The GO Outdoors Guide To Choosing Your Festival Tent
Your festival tent will be your home away from home as you catch up with friends, enjoy seeing bands, and attempt to cook (and maybe get some sleep...)
Maybe you want a luxury tent that you can use again and again, or perhaps you need to adhere to a strict budget after forking out for the tickets themselves.
From Glastonbury, to the Big Chill, or a party weekend at Creamfields, your tent will have to put up with a lot of abuse, and you want to have a tent that suits your level of experience when it comes to pitching, as well as your budget and your party size. This guide can help you choose the right tent for you.
- Tent sizes are measured in 'berths', which refers to the amount of people and luggage it can hold.
- Some tents are purely designed for sleeping in (usually at the cheaper end of the price range) and some tents offer more luxury and living space, such as canopies that extent the width of the tent, offering a sunbathing/cooking area.
- Consider your rucksack and gear as a person when choosing a tent, so if you have 2 people, you need the space for 2 people as well as 2 rucksacks. In this instance, a 4 berth tent will suffice for the minimum amount of room.
- This is also why there are no 1 berth tents for 1 person, for a solo traveller, a 2 berth is ideal.
- A 2 berth will suffice for one person, and at a squeeze could fit in 2 people. However, for comfort you will want more space- as much as you can afford.
- From GO Outdoor's camping experiences, we suggest that 2 people can comfortably look at 5 berth tent for plenty of room.
- Bear in mind the time you intend to spend away, so for longer stretches of time, look at bigger berths of tent.
- As well as the berth of your festival tent, also look at the height. Make sure it is large enough for you to stand up in. This is more commonly found in dome style tents which are built on an A –frame, but check before you buy. Typically logos are used to indicate if it can be used for standing or sitting.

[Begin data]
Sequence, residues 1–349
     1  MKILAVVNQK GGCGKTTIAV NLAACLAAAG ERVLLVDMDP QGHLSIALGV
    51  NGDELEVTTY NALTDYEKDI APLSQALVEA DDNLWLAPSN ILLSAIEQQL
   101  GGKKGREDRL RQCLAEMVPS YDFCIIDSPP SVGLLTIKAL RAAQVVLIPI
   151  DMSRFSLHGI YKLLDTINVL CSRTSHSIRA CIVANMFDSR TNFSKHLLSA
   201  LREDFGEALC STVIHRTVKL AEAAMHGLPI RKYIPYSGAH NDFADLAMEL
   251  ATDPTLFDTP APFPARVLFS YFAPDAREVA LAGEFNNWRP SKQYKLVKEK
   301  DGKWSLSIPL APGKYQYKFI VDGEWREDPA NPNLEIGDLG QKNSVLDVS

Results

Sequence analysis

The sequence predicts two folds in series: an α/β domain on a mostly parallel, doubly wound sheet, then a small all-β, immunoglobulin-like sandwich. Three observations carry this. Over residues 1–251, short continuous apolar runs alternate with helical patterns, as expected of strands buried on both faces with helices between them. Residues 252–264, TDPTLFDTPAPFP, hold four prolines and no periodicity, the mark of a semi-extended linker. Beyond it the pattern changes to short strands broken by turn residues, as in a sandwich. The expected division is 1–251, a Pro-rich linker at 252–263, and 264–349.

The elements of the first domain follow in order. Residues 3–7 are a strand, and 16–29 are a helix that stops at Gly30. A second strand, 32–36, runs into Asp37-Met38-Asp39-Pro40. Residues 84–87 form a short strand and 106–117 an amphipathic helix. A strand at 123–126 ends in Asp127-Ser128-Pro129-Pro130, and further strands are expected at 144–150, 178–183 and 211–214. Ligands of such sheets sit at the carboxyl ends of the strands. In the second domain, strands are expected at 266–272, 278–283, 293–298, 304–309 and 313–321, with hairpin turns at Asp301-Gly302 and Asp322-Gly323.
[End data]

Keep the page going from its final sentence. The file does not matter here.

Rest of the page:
If it’s luxury your after then go for a tent that needs pitching. Whereas pop up tents hardly take any time at all, a pitched tent is a better solution if you’re planning on a larger tent design for your festival home as it stays standing.
For luxury consider a dome tent, or a tunnel tent as these are typically larger and well structured to allow standing.
- A dome tent is ideal in shape to fight off wind and is easy to pitch. With an A-frame shape, a dome tent is able to accommodate plenty of people.
- When looking for the amount of people that can fit in a tent, look for the ‘berth’ – 2 berth will house 2 people comfortably, 6 berth will hold 6.
- A tunnel tent has plenty of inner space, but will need guy ropes and sturdy pegs in order to secure it.
- With 2 – 4 poles in a typical construction, a tunnel tent also combines both a living area with a sleeping area, which is also great for keeping your rucksacks and food in.